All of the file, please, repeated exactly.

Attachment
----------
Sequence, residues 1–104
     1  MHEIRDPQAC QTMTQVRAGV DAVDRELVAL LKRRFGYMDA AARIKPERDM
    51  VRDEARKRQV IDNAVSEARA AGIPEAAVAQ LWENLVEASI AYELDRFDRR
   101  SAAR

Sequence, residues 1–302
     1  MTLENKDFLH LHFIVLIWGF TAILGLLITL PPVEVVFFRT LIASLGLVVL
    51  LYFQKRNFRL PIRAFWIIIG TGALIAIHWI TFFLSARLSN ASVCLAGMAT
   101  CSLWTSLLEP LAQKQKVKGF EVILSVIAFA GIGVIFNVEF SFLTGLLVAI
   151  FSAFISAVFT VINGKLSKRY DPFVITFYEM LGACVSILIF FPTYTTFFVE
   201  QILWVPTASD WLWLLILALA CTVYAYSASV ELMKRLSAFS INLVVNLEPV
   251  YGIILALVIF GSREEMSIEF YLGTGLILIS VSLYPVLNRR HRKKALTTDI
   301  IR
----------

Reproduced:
Sequence, residues 1–104
     1  MHEIRDPQAC QTMTQVRAGV DAVDRELVAL LKRRFGYMDA AARIKPERDM
    51  VRDEARKRQV IDNAVSEARA AGIPEAAVAQ LWENLVEASI AYELDRFDRR
   101  SAAR

Sequence, residues 1–302
     1  MTLENKDFLH LHFIVLIWGF TAILGLLITL PPVEVVFFRT LIASLGLVVL
    51  LYFQKRNFRL PIRAFWIIIG TGALIAIHWI TFFLSARLSN ASVCLAGMAT
   101  CSLWTSLLEP LAQKQKVKGF EVILSVIAFA GIGVIFNVEF SFLTGLLVAI
   151  FSAFISAVFT VINGKLSKRY DPFVITFYEM LGACVSILIF FPTYTTFFVE
   201  QILWVPTASD WLWLLILALA CTVYAYSASV ELMKRLSAFS INLVVNLEPV
   251  YGIILALVIF GSREEMSIEF YLGTGLILIS VSLYPVLNRR HRKKALTTDI
   301  IR